Positivity is key to preventing youth substance use | SummitDaily.com

Positivity is key to preventing youth substance use

Strong relationships and positive messages can help parents, teachers and mentors guide young people toward healthy choices

By Lauren Glendenning
For the Summit Daily

Editor’s Note: Sponsored content brought to you by the Healthy Futures Initiative

Talking to your children about substance use and other important subjects shouldn’t happen in the form of a lecture. Be open and honest with your children, focus on positivity and find everyday opportunities to talk to them frequently about these issues.
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Reliable sources for parents

It’s essential to use reputable sources when researching the effects of substance use on youth. The following websites contain science-based facts and helpful advice:

• Responsibility Grows Here (Colorado Department of Public Health and Environment), http://www.responsibilitygrowshere.com

• Speak Now, Here’s How (Colorado Office of Behavioral Health), http://www.speaknowcolorado.org)

• Substance Abuse and Mental Health Services Administration, http://www.samhsa.gov

• U.S. Centers for Disease Control and Prevention, http://www.cdc.gov/marijuana, http://www.cdc.gov/alcohol, http://www.cdc.gov/tobacco

When it comes to helping children make good decisions about alcohol, marijuana and other substances, parents are more successful when they skip the scare tactics.

Youth have the ability to fact-check what they’re told, according to Speak Now Colorado, a Colorado Department of Human Services website that provides advice for parents. When parents speak the truth, focus on positive messages and avoid the scare tactics, they not only build trust with their children, they also increase the likelihood their messages get through.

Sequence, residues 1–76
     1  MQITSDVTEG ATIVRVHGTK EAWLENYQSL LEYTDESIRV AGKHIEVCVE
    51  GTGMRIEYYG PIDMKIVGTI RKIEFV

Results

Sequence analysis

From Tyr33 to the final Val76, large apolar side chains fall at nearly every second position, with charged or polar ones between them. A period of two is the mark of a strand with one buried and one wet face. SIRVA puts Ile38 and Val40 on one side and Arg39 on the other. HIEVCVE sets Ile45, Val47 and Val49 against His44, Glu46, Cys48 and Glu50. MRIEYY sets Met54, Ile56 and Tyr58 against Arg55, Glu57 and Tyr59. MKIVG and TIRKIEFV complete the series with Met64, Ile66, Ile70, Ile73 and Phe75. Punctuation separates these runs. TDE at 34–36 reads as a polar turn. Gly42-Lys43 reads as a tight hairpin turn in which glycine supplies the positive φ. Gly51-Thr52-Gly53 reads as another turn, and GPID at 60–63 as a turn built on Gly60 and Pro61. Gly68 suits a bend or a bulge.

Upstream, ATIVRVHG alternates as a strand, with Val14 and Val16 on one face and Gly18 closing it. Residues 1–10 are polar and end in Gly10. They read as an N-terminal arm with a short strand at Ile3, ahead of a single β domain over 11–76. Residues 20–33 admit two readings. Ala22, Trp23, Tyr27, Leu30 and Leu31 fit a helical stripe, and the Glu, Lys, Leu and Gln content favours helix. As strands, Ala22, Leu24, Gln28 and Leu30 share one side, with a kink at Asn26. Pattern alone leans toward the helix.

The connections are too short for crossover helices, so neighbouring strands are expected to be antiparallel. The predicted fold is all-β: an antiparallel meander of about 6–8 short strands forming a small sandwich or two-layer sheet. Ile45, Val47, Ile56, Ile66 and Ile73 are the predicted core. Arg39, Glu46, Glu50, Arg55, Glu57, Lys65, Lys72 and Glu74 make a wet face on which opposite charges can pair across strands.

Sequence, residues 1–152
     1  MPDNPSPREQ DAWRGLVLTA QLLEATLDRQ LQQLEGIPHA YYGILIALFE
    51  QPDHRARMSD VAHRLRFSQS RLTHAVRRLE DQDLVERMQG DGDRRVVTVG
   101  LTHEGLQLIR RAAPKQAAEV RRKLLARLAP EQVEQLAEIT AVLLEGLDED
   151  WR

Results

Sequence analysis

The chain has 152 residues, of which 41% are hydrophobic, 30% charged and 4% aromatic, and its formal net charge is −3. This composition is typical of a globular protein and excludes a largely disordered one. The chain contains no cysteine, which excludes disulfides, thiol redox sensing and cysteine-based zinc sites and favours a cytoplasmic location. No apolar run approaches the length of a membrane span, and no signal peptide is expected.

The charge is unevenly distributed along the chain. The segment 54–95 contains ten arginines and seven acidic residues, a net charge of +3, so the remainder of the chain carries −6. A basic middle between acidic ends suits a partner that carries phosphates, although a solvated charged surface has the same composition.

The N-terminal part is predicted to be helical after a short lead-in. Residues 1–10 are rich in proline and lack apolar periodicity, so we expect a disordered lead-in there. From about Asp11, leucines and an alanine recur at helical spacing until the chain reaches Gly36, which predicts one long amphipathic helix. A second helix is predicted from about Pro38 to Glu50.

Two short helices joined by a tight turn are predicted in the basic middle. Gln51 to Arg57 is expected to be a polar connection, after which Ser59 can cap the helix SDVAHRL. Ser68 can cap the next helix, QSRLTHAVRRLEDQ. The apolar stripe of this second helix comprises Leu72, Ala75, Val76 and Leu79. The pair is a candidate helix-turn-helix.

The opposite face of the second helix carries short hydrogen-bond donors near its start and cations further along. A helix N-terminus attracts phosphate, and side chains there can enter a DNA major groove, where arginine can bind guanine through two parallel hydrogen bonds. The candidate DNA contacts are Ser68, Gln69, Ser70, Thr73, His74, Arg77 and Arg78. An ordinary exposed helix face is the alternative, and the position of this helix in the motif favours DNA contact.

“The first step parents can take is to become informed about the facts and effects of drug and alcohol use,” said Amy Wineland, director of the Summit County Public Health Department.  “An educated parent can give their children correct, honest information. It is also important for parents to understand that they are role models and a parent’s view and relationship with alcohol, tobacco and drugs can strongly influence how their children think about them.”

Here are some of the most successful tips for talking to youth about making good decisions when faced with difficult situations.

Focus on positive messages

Research shows that creating fear about drugs, alcohol or sex — such as showing graphic images, sharing scary stories about past experiences or sharing tragic outcomes — might have the opposite effect.

Logan Simson, a 17-year-old senior at Summit High School, said she and her peers are more likely to listen when the messaging from adults is positive. Simson is active in the Youth Empowerment Society of Summit (YESS), a youth group that works to promote healthy choices among their peers. 

“Rather than say, ‘don’t do drugs or you’ll die,’ it’s more important to point out that our brains are still in development and these substances have long-term effects,” she said. “When you’re consumed by worry and fear, your brain can’t absorb these messages. The brain isn’t in a learning state when someone tells you, ‘people will die.’”

These impacts on the brain are even more pronounced in young people. Wineland said it’s important for parents to understand brain development during adolescence.

“The pleasure centers develop faster than the parts of the brain that are responsible for decision making and risk analysis,” Wineland said. “In fact, their brains will not be fully developed until age 25. They do not always recognize the consequences of their actions. This is why their brains are more susceptible to addiction.”